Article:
Seven people at a time ride Red's van to and from work. The main qualification for sharing that ride is sexual appetite and compatibility. There's a screening committee. There are rules. There are many stories...
About the author: Terri Cara, sometimes writing as Terry Carus, is an occasional writer of erotica with a focus on the power of sex to connect us to the core of who we are.
Terry Hayman from Fiero Publishing here. I have to say that I'm not a huge fan of John's novels (meaning I'm not his target audience), but after reading this book, I think I'm a fan of him as a person and author. Lots of this stuff really resonated with me and sparked all sorts of ideas. Even had me finally understanding how I could use Twitter in a meaningful way!
Thanks for sharing, John.
A story of a marriage in crisis. Laura Ware does some nice stuff here - getting you to think about the unspoken deals you make going into a marriage, the fears you have, and the ways love can help you past them.
Gripping fun. Abrahamson has created an exciting new entry into the fantasy genre with characters who can call on the power of the earth to redraw reality with vellum and ink. And she's got a great kick-ass heroine leading the charge.
I was totally into the magic, the characters, the politics of Homeland Security trying to draw the Gifted into their fold. It's an engrossing read with a mind-blowing climax that will have you rethinking just how safe you are if you live in any of nature's danger zones.
Looking forward to the next book with Vallon Drake!
Some fantasy/sf worlds ease you into them with subtle (or not) explanations of why things are the way they are. Others just plunge you in and challenge you to catch up as the story races forward. This book is definitely of the latter variety. I found myself going WTF a bunch in the beginning, even as I was intrigued by the characters and creepy situations which aren't for the faint of heart. (Eviscerated bodies anyone?) But as everything starts to make more sense and the history of what happened in this alternate reality becomes clear, the tension just keeps on building to a nice pay off - a truly epic battle between a born storyteller and a monster in desperate need to fill himself with stories by crunching/sucking/ripping them out of the bones of his unfortunate victims.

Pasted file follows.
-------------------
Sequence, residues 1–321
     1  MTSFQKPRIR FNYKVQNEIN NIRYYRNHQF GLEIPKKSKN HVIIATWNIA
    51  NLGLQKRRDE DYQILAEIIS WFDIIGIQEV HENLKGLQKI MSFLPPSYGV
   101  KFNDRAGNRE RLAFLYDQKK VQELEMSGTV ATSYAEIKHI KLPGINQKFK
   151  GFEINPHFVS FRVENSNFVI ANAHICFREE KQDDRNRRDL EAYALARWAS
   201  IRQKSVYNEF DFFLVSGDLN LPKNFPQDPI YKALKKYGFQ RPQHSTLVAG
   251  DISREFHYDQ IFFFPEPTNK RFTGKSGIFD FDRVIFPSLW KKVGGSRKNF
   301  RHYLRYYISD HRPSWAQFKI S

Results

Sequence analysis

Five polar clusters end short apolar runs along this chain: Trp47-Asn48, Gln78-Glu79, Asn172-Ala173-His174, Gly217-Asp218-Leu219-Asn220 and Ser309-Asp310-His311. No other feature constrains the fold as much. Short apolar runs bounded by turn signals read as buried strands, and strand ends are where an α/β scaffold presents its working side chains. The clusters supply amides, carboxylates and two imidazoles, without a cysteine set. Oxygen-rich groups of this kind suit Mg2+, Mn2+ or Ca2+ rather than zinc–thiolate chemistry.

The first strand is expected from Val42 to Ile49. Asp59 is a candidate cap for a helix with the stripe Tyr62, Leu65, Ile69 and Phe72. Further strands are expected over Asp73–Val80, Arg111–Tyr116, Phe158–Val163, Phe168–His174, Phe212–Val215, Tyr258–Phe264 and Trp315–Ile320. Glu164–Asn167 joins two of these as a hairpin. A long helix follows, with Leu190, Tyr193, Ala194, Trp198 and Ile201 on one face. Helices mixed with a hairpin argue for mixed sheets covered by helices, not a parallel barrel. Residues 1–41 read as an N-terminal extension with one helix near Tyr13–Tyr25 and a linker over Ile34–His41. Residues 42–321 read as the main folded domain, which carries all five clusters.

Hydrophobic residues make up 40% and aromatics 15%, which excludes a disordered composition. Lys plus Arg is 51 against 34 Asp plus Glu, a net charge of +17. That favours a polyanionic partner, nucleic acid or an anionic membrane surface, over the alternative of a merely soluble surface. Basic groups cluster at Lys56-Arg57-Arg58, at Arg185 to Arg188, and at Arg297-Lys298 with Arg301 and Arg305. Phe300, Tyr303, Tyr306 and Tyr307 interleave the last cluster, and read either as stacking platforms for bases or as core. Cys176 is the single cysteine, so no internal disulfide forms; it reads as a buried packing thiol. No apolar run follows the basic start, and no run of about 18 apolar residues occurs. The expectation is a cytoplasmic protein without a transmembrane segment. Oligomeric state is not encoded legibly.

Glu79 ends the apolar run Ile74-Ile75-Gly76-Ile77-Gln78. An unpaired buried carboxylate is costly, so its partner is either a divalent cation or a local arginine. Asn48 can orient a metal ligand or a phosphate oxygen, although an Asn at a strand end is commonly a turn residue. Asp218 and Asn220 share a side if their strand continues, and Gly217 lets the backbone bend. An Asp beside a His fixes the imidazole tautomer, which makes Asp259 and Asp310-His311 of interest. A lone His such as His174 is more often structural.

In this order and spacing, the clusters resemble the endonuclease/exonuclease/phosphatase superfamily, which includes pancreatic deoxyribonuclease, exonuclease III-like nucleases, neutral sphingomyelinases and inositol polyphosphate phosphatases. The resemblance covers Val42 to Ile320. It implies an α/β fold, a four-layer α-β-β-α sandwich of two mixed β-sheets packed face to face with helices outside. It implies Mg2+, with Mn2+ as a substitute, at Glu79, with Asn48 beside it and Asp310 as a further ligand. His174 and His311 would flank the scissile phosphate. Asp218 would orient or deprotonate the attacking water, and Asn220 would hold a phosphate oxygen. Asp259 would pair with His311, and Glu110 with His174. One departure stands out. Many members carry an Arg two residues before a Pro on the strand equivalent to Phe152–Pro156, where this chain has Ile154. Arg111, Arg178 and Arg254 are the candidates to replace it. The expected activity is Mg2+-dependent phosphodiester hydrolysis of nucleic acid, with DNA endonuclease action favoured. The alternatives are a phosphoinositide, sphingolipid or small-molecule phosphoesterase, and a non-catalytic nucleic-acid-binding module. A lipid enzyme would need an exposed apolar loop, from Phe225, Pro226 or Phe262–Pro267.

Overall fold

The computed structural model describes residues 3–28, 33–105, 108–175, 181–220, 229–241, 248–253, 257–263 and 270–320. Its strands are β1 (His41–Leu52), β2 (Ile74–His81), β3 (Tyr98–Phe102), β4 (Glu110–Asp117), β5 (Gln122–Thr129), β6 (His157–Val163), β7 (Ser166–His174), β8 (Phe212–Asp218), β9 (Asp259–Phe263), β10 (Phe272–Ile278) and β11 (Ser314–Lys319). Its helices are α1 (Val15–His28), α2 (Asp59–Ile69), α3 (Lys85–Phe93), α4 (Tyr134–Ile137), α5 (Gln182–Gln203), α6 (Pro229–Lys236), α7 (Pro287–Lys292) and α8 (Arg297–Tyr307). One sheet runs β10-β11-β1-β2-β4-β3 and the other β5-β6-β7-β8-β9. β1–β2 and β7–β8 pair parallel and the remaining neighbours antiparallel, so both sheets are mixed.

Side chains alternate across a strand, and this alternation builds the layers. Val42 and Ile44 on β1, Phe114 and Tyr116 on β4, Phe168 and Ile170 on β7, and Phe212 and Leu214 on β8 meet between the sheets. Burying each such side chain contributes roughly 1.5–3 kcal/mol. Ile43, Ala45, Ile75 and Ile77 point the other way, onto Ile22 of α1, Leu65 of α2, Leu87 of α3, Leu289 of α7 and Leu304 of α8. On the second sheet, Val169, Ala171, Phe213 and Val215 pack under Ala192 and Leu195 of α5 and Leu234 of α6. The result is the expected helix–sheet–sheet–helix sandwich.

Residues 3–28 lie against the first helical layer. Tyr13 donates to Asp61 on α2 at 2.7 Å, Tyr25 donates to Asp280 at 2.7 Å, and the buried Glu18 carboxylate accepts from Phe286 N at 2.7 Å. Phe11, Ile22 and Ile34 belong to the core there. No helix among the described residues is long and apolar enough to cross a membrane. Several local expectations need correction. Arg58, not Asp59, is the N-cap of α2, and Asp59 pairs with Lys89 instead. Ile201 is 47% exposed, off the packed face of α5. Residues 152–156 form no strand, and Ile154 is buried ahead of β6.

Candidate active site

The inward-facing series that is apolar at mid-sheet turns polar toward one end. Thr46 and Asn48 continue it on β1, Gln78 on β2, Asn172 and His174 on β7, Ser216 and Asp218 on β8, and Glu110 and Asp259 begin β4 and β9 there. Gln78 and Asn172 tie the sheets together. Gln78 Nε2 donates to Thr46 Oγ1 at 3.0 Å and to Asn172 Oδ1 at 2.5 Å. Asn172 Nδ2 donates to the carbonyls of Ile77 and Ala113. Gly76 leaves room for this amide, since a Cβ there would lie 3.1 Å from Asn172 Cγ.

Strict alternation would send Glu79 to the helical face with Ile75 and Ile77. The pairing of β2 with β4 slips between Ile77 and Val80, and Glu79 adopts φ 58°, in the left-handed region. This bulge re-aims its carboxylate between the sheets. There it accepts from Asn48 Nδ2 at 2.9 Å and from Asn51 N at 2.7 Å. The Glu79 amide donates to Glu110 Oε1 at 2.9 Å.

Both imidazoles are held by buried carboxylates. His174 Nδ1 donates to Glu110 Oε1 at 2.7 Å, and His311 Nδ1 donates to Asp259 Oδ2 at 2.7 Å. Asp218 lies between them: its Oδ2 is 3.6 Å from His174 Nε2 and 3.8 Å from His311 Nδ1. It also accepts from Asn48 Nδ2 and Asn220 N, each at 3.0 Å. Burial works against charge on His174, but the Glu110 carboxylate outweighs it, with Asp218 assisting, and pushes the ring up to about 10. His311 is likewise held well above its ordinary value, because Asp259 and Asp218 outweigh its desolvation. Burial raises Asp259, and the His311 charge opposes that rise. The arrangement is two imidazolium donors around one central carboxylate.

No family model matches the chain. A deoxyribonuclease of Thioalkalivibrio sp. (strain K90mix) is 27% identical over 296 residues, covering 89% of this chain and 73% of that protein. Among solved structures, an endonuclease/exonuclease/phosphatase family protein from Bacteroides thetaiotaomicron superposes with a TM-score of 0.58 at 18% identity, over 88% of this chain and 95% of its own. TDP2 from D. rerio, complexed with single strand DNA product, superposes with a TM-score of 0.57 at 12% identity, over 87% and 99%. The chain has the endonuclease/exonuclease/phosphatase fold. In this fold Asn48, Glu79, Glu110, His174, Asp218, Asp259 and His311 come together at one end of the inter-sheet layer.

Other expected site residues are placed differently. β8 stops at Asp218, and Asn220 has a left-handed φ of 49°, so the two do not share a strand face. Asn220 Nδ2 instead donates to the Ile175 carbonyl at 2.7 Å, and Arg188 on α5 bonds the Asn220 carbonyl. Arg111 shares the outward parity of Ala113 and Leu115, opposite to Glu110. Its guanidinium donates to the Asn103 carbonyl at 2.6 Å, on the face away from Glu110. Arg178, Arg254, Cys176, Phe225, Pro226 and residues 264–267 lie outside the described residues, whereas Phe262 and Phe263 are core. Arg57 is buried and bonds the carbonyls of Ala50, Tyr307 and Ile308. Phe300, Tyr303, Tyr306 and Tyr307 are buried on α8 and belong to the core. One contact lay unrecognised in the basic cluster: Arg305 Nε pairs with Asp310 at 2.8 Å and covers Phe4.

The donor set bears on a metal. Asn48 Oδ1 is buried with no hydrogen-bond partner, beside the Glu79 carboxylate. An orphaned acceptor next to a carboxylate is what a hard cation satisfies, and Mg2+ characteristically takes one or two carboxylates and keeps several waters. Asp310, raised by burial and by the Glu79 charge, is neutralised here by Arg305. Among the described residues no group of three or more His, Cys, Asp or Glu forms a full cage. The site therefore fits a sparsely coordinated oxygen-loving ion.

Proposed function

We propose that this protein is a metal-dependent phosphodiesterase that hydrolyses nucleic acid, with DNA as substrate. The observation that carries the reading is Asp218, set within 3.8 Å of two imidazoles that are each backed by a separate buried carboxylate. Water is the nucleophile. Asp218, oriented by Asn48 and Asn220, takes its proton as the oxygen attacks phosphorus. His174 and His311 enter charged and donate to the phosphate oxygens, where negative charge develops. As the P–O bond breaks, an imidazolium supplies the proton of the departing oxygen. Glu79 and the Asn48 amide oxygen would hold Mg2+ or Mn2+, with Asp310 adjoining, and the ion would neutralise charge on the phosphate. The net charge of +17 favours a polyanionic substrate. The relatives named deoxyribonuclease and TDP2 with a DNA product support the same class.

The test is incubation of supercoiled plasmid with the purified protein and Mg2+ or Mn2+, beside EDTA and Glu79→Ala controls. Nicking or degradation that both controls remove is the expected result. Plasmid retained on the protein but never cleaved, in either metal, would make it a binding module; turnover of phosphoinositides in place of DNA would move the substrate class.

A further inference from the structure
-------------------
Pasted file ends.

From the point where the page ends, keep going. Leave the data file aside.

Lots of poetry about storytelling and meaning and family and life and death wrapped into a visceral, punch-in-the-gut narrative.
This is the first book of a cool new series that creates a fully-fleshed-out alternate Earth with mind-blowing myths, physical and spiritual laws so that the reader can invest and believe in the characters and events. The concepts of creatures living dual lives simultaneously in both the physical and non-physical (kind of) realms is complicated but there's so much fast action and emotional conflict that you get dragged through the tough bits, confident it will all make sense eventually. It's a big world, and while Book One has a satisfying conclusion, you just know there's a whole lot more to explore.
Ah, Bubba. And Tiffany. Humor hits everyone differently, but Bawdy's got some good stuff here - involving characters, a real flare for description and situations, and a sense of humor that ranges from painfully honest to head-slappingly, outrageously moronic. When my day was really busy or stressful, this was a great place to come and relax with a few chuckles. There's got to be more Bubba.
Echo what the other reviewers have said - a fun book with a broad historical scope, shot through with a neat kind of magic. This is the second Cartos book of Abrahamson's I've read. Other one was Afterburn - same magic system but contemporary adult. It's a magic universe she obviously plans to explore fully and that should make us all very happy.
Weinberg’s Residue Class novels hearken back to the Sherlock Holmes stories where the joy of the writing isn’t brute action (although there are a couple scenes of that in Where There’s a Will…), but rather clever deduction. Even more, Weinberg relishes how all things of this world work, from foreign languages and customs to the computer black boxes of sports cars and, particularly in this novel, the almost farcically-complex rules of estate law. It’s like traveling the world while having an intense chat with a bunch of really interesting, intelligent people.
And when those people also have delightful quirks and character growth, like Weinberg’s narrator here – a charmingly-naïve female fifteen-year-old math-genius kleptomaniac named Libby – you know you’re in for a delightful series.